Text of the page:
Beirut summit: Arab leaders discuss free trade, Syria refugees

Leaders aim to agree on joint statement after discussing Arab free trade zone and effect of Syrian refugees on economy.

Arab leaders pose for the camera, ahead of the Arab economic summit in Beirut, Lebanon January 20, 2019. REUTERS/Dalati Nohra/Handout via REUTERS ATTENTION EDITORS - THIS IMAGE WAS

Beirut, Lebanon – The Arab Economic and Social Development Summit has kicked off in Lebanon’s capital, overshadowed by political rifts and poor attendance among Arab heads of state, many of whom pulled out at the last minute.

The 20 countries taking part in the summit on Sunday aim to make a joint statement on a 29-item agenda that ranges from discussions on an Arab free trade zone and the economic effect of Syrian refugees on host countries.

The summit takes place amid increasing political and economic instability in Lebanon, which hosts hundreds of thousands of Syrian and Palestinian refugees.

The economic meeting is a prelude to the actual Arab League summit taking place in Tunisia in March.

Qatar’s Emir Sheikh Tamim bin Hamad Al Thani left Beirut after a few hours of attending the summit on Sunday morning. “The emir was here only to attend the opening session, listen to President Michel Aoun’s speech, and note his support for Lebanon,” the Lebanese Presidential Palace’s media office told Al Jazeera on Sunday.

The brief visit snubbed speculations that circulated across Lebanese media on Saturday that Qatar would pledge coverage of all the summit’s costs as well as a deposit of $1bn in Lebanon’s Central Bank. 

In his opening speech, President Aoun reiterated calls for the “safe return” of Syrian refugees to their homeland “without linking this return”.

In addition to the Qatari head of state, only Mauritania’s President Mohamed Ould Abdel Aziz joined Aoun at the official summit meeting. Other countries have sent prime ministers and foreign ministers as representatives at the meeting.

The summit has been marred by divisions among Lebanese politicians and regional leaders over the reinstatement of Syria into the 22-country Arab League and the status of Syrian refugees in host countries.


Although it has a lower profile than the Arab League summit, the meeting has attracted heads of state in previous years since its launch in 2009.

But after Libya decided to boycott the summit following an incident which saw members of the Amal party – an ally of the Iran-backed Hezbollah – tear down and burn its flag near the summit venue last week, leaders’ attendance began to trickle.

Amal, a Shia group, is opposed to Lebanon having ties with Libya because of the disappearance of Imam Musa Sadr, the movement’s founder, during an official visit to the country in 1978, then under Muammar Gaddafi’s rule.

Refugees and war

Speaking at the opening of the summit, Aoun said that Lebanon would suggest solutions for safe refugee returns in the meeting’s final statement.

“The president is expected to issue a statement today regarding the refugees and displaced people in Arab countries. He’s also expected to launch an initiative with regards the reconstruction in devastated countries,” the Lebanese presidency’s general director, Antoine Choukair told Al Jazeera.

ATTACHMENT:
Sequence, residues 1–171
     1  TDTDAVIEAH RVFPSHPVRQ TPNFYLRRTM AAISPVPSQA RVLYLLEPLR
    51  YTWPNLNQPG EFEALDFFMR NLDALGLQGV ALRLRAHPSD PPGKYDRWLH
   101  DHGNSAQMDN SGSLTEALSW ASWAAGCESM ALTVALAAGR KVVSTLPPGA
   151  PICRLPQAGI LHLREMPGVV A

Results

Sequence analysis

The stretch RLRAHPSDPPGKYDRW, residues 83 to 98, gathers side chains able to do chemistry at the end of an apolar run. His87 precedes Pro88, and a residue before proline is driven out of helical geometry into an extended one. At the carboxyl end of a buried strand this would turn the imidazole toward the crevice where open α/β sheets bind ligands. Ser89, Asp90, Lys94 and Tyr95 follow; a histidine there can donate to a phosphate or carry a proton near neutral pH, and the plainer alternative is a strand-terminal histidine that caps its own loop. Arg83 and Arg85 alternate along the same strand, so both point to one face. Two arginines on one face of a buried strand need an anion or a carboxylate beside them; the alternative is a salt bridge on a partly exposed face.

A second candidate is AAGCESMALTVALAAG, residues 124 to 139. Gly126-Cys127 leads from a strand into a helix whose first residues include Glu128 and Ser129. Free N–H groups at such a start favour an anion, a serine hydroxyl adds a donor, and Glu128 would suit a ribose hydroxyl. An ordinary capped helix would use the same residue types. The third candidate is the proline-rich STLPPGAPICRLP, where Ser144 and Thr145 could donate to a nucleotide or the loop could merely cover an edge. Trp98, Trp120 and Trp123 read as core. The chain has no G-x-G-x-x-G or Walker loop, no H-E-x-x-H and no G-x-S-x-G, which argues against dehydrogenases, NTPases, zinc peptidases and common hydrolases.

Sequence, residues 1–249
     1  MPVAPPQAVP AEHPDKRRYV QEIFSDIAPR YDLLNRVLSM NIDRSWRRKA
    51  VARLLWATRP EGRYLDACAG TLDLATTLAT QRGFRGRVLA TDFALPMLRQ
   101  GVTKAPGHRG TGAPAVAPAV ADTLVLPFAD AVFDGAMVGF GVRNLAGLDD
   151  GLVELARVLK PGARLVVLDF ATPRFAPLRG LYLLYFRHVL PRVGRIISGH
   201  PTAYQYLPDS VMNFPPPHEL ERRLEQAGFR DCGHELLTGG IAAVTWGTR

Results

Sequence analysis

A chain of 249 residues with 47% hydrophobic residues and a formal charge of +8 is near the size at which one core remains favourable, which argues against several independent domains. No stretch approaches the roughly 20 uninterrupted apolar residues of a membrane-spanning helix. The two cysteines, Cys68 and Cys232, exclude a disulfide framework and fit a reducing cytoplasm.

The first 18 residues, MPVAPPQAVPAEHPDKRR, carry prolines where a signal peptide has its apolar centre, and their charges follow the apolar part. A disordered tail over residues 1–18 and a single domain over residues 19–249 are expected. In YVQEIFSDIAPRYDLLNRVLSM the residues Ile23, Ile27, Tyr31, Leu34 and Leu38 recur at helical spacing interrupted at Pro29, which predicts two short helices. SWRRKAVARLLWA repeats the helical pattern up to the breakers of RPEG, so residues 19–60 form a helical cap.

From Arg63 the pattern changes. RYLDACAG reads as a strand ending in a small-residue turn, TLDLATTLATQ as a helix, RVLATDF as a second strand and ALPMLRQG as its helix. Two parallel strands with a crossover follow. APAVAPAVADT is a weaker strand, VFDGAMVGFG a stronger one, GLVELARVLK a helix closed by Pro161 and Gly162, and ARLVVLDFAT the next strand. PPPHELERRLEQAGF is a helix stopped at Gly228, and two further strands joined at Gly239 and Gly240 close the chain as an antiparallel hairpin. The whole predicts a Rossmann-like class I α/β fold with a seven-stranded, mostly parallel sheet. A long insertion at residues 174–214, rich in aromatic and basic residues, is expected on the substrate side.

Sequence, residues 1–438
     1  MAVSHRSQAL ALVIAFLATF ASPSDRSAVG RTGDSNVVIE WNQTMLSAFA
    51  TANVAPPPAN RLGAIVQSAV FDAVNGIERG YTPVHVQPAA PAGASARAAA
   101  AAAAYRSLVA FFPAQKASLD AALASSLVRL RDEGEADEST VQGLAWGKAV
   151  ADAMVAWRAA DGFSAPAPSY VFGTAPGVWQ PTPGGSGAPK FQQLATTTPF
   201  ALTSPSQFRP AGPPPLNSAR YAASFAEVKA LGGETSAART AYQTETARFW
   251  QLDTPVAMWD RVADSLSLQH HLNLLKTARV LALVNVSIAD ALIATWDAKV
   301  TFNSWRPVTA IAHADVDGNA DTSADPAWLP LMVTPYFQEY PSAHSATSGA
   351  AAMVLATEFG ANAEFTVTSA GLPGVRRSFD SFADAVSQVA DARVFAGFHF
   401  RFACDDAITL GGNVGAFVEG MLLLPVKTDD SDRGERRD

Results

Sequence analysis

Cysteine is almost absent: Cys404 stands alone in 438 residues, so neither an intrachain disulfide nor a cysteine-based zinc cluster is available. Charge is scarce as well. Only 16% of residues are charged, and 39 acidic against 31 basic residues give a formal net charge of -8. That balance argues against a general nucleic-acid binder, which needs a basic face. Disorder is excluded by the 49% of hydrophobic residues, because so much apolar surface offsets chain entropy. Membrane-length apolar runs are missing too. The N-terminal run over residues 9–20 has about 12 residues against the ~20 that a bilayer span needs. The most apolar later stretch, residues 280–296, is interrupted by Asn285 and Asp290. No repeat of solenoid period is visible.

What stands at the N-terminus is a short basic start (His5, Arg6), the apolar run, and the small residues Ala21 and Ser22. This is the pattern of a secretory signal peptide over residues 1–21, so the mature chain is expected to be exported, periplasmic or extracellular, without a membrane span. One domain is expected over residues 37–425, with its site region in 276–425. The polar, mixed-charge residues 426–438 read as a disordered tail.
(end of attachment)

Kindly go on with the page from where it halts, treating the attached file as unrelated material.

President Aoun hopes his initiative will help set up a funding structure to rebuild Arab countries devastated by wars. The discussion during pre-summit meetings have focussed on the rebuilding of Somalia and Yemen, although the fund is expected to include Syria as well.

A major point of contention before the summit has focussed on whether Syria should be reinstated as a member of the Arab League following Syrian President Bashar al-Assad taking control over most of his war-torn country.

While Lebanese Foreign Minister Gebran Bassil called for Syria’s return to the Arab League during a pre-summit meeting on Friday, the group’s Secretary-General Ahmed Aboul Gheit told journalists at a press conference that there was no agreement over Syria’s return.


Part of the contention around Syria also relates to Article 13 of the proposed summit statement, which discusses the return of Syrian refugees to their homeland.

While Lebanon, which hosts hundreds of thousands of Syrian refugees, called on Friday for their return to Syria, other countries have been divided over the wording of the article with some Arab ministers insisting that this discussion must be linked to a political solution in Syria.

Lebanon’s economic challenges

The summit takes place amid increasing political and economic instability in the Mediterranean country.

A civil society group and the Lebanese Communist Party plan to stage a march at noon from Sunday from Babir, a deprived area in Beirut, to the Ministry of Finance.

The demonstrators say they want an end to the dire economic situation in the country, which they believe the summit will do little to alleviate.

“We are sending a message to those in power to tell them they are fully responsible for Lebanon’s economic breakdown,” Ayman Moue, an activist involved in organising the protest, told Al Jazeera.

“We cannot count on this summit to improve the economy in Lebanon. It will not have any positive changes,” he added.

With legislators unable to agree on a new cabinet since a general election in May, Lebanon’s economic challenges have been compounded by its political instability. Protests demanding change have been ongoing for months.

Observers believe the summit’s poor attendance reflects a missed opportunity on Lebanon’s part to improve its economic and political standing.

“The attendance of Arab leaders would have supported Lebanon, a failing state economically and politically, and would have helped it relaunch itself on the Arab stage to how it was like before the Syrian crisis,” Mohanad Hage Ali, a political analyst at Carnegie Middle East Center, told Al Jazeera.

Source: Al Jazeera